Stefanos N Kales; Elpidoforos S Soteriades; Stavros G Christoudias; David C Christiani

2003-01-01

94

World Trade Center-exposed NYC firefighters face increased cancer risk:  

Cancer.gov

In the largest cancer study of firefighters ever conducted, research published in this week’s 9/11 Special Issue of The Lancet found that New York City firefighters exposed to the 9/11 World Trade Center (WTC) disaster site were at least 19 percent more likely to develop cancer in the seven years following the disaster as their non-exposed colleagues and up to 10 percent more likely to develop cancer than a similar sample from the general population.

95

Illinois Firefighter Line of Duty Deaths Digital Image Collection Database: A Knowledge Management Initiative  

Microsoft Academic Search

“IFLODD: The Illinois Firefighter Line of Duty Deaths Digital Image Collection Database” is a knowledge management initiative\\u000a at the Illinois Fire Service Institute (IFSI) Library, University of Illinois at Urbana-Champaign. It collects and provides\\u000a Internet access to a multi-dimensional dataset of photographs and fire department records that document Illinois firefighters\\u000a who died in the line of duty. This paper discusses

Lian Ruan; Adam Groves

96

Biomonitoring of chemical exposure among New York City firefighters responding to the World Trade Center fire and collapse.  

PubMed Central

The collapse of the World Trade Center (WTC) on 11 September 2001 exposed New York City firefighters to smoke and dust of unprecedented magnitude and duration. The chemicals and the concentrations produced from any fire are difficult to predict, but estimates of internal dose exposures can be assessed by the biological monitoring of blood and urine. We analyzed blood and urine specimens obtained from 321 firefighters responding to the WTC fires and collapse for 110 potentially fire-related chemicals. Controls consisted of 47 firefighters not present at the WTC. Sampling occurred 3 weeks after 11 September, while fires were still burning. When reference or background ranges were available, most chemical concentrations were found to be generally low and not outside these ranges. Compared with controls, the exposed firefighters showed significant differences in adjusted geometric means for six of the chemicals and significantly greater detection rates for an additional three. Arrival time was a significant predictor variable for four chemicals. Special Operations Command firefighters (n = 95), compared with other responding WTC firefighters (n = 226), had differences in concentrations or detection rate for 14 of the chemicals. Values for the Special Operations Command firefighters were also significantly different from the control group values for these same chemicals and for two additional chemicals. Generally, the chemical concentrations in the other firefighter group were not different from those of controls. Biomonitoring was used to characterize firefighter exposure at the WTC disaster. Although some of the chemicals analyzed showed statistically significant differences, these differences were generally small. PMID:14644665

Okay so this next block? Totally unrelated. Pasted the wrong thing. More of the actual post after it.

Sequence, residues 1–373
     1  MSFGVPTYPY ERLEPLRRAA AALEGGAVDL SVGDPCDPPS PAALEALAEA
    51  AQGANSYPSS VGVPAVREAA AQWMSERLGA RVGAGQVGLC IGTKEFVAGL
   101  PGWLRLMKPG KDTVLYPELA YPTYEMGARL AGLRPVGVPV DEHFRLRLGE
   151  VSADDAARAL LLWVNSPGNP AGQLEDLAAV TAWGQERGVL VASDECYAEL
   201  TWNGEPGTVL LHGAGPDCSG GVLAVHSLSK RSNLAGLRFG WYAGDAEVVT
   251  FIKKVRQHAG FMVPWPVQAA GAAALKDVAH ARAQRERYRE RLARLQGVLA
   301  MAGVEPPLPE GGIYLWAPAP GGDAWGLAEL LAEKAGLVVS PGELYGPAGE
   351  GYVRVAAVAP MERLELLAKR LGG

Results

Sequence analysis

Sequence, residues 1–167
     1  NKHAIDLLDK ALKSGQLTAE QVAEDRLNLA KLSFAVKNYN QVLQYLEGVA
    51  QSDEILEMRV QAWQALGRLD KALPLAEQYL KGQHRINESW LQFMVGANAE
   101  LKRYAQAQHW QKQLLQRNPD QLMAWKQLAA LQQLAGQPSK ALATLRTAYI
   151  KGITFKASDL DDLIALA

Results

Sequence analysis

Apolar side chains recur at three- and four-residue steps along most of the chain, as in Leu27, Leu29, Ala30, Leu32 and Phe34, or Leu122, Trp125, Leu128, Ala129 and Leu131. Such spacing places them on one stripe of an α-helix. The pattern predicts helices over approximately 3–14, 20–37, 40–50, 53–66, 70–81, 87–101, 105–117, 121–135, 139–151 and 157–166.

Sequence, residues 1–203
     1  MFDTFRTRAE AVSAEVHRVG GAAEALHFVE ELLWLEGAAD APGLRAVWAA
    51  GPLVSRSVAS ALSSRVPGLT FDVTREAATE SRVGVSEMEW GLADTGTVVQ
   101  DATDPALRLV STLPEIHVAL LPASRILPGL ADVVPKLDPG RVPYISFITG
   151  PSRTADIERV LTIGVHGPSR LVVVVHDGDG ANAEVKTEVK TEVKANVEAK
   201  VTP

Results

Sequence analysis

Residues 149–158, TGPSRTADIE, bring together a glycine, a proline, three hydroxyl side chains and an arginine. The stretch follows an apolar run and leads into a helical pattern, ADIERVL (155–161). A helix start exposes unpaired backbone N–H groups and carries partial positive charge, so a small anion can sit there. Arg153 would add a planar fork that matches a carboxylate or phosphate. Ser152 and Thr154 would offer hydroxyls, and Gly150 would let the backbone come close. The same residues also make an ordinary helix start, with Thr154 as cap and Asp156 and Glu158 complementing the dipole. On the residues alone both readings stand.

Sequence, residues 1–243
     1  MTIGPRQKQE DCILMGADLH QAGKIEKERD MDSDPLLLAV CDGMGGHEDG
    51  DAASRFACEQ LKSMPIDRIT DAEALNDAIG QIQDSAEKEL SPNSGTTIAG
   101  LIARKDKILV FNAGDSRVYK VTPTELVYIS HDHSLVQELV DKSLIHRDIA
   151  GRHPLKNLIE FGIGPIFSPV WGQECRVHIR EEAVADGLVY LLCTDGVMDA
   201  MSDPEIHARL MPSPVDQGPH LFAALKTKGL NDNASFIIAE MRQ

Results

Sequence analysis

Edelman, Philip; Osterloh, John; Pirkle, James; Caudill, Sam P; Grainger, James; Jones, Robert; Blount, Ben; Calafat, Antonia; Turner, Wayman; Feldman, Debra; Baron, Sherry; Bernard, Bruce; Lushniak, Boris D; Kelly, Kerry; Prezant, David

2003-01-01

97

Comparison of sensory–Neural Hearing between Firefighters and Office Workers  

PubMed Central